Fibroids development occurs when cells, genetically different from other uterine cells, multiply to create a mass. The mass can develop within the uterine wall, in the uterine cavity or on the outside wall of the uterus. In some cases the mass can grow on a stem extending the fibroid off the uterine wall. Some of the causes of fibroids are also associated with increased risk of developing fibroids.

Family History or Heredity
: One of the first discussions patients have with their doctor pertains to family history. A maternal family history (mother or sister) of fibroids may increase a woman’s risk of fibroid development.

: The majority of women diagnosed with fibroids are in child-bearing years. As women age to their 30s or 40s, the risk of fibroid development increases. After moving into menopause, risk of fibroid development decreases dramatically. If fibroids exist when a woman goes into menopause, the fibroids will shrink due to reduced levels of estrogen and progesterone.

Race or Ethnicity
: Women of African-American descent are more likely to develop fibroids than women of other ethnicities. Race also plays a part in age of fibroid development, fibroid size and number of fibroids that develop. African-American women tend to develop fibroids at a younger age with increased fibroid size and number. Alternatively, women of Asian descent are less likely to develop symptomatic fibroids.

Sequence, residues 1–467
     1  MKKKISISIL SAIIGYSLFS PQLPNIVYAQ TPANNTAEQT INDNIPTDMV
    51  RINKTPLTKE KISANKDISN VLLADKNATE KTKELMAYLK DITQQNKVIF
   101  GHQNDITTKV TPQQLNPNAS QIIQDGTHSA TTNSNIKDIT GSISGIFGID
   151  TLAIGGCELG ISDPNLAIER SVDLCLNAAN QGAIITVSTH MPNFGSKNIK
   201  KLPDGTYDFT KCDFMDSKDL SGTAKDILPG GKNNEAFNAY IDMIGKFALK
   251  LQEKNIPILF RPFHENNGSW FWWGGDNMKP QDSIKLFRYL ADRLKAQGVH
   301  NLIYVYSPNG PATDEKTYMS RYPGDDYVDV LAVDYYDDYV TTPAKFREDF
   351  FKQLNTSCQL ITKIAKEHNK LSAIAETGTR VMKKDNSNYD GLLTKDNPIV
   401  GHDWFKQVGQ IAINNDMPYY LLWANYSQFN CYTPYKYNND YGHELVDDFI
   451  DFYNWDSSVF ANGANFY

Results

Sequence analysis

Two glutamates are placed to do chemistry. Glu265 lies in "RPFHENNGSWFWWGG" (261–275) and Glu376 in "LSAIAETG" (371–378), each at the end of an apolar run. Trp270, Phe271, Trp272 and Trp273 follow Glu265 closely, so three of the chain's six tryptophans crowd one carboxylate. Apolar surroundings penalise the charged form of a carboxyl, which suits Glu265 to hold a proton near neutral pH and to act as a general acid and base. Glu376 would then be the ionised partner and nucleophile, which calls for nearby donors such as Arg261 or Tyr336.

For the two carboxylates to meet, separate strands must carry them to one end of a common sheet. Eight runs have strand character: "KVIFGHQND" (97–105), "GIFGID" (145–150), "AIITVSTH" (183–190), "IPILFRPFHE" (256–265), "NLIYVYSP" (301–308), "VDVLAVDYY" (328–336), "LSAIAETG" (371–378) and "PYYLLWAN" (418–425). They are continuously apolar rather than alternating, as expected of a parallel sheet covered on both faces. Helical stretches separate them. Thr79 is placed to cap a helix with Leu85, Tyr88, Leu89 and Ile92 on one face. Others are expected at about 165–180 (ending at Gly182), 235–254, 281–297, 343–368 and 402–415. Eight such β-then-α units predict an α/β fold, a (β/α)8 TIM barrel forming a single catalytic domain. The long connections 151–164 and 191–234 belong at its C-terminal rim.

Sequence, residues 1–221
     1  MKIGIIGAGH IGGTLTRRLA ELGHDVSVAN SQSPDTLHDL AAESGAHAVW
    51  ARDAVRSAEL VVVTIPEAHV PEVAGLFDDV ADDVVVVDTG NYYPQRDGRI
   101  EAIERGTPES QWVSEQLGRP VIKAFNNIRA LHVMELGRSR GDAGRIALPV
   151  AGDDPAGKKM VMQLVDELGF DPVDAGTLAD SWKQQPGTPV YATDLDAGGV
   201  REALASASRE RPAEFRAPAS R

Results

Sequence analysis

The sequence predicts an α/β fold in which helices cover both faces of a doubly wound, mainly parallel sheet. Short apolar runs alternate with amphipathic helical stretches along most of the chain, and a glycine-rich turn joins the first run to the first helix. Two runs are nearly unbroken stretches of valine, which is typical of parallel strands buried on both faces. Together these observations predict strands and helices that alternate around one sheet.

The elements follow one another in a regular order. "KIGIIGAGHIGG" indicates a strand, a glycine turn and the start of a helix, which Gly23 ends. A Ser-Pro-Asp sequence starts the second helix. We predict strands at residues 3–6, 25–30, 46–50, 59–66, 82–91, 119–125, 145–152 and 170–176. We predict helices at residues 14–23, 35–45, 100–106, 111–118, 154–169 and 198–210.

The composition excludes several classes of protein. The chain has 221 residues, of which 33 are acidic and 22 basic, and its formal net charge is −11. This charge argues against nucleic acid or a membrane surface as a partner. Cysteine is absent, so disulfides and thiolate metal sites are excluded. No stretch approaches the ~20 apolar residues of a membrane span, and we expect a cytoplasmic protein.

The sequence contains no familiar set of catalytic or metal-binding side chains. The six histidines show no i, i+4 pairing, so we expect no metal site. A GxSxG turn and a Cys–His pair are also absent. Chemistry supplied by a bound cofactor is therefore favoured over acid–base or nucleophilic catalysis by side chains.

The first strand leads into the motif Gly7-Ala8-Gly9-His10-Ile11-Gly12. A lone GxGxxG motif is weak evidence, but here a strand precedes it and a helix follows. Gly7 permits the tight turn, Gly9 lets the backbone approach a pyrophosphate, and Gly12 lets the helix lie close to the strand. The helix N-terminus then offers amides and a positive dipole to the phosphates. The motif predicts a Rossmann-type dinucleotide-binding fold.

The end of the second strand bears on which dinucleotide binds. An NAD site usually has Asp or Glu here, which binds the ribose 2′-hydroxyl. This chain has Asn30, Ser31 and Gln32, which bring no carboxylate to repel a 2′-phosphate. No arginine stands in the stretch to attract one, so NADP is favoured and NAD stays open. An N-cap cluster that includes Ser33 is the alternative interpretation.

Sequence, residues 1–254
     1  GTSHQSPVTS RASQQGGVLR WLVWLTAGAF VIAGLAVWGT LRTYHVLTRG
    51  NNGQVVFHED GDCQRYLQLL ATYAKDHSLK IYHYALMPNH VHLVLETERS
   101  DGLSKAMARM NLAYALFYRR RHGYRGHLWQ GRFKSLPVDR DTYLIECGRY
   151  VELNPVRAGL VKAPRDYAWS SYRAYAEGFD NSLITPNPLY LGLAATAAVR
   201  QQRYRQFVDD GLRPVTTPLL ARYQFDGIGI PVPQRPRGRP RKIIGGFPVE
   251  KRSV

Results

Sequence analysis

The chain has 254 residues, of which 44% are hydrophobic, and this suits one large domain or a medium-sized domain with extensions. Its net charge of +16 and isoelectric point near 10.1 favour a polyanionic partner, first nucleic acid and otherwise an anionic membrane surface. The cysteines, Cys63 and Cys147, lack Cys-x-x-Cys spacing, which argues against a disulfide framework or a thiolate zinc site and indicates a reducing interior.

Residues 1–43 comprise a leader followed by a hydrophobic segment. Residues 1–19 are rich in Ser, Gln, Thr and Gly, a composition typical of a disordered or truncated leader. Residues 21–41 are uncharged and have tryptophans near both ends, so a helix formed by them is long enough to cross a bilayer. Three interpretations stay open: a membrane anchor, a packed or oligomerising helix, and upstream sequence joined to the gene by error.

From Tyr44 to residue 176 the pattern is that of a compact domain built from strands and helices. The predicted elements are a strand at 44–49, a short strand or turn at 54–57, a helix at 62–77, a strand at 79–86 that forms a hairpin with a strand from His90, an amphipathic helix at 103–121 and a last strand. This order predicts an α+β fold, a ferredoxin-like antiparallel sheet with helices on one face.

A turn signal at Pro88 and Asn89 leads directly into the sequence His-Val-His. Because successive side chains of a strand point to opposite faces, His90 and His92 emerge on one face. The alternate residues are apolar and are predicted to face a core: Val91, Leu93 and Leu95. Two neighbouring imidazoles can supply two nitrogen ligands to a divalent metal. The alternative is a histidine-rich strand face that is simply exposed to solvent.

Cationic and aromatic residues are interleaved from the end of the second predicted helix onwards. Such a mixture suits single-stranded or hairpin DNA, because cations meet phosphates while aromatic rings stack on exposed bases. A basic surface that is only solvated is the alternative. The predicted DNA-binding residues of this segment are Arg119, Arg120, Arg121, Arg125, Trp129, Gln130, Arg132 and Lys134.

Body Weight
: Obesity is a contributing factor to fibroid development with risk and weight being parallel. For instance, overweight women are at increased risk with very overweight women having a risk factor up to three times that of normal weight women.

: A diet high in red meat may increase risk of fibroids. Some reports also associate ham consumption with fibroid risk. Lower than suggested intake of fruits and/or green vegetables can also contribute to risk. Alcohol consumption, including consumption of beer, is another dietary contributing factor.

Early Onset of Menstrual Period
: Women with earlier menstruation onset are at increased risk of developing fibroids.

Changes in Hormone Levels: There is some evidence that changes in hormone levels associated with other medical conditions could increase risk of fibroids.

: With pregnancy comes an increase in estrogen and progesterone levels, which causes rapid growth of fibroids.

Fibroids can be a painful condition for some women; race, body weight, diet and pregnancy can all increase risk of fibroids or growth rate of existing fibroids. A simple ultrasound is enough to diagnose fibroids in most women.

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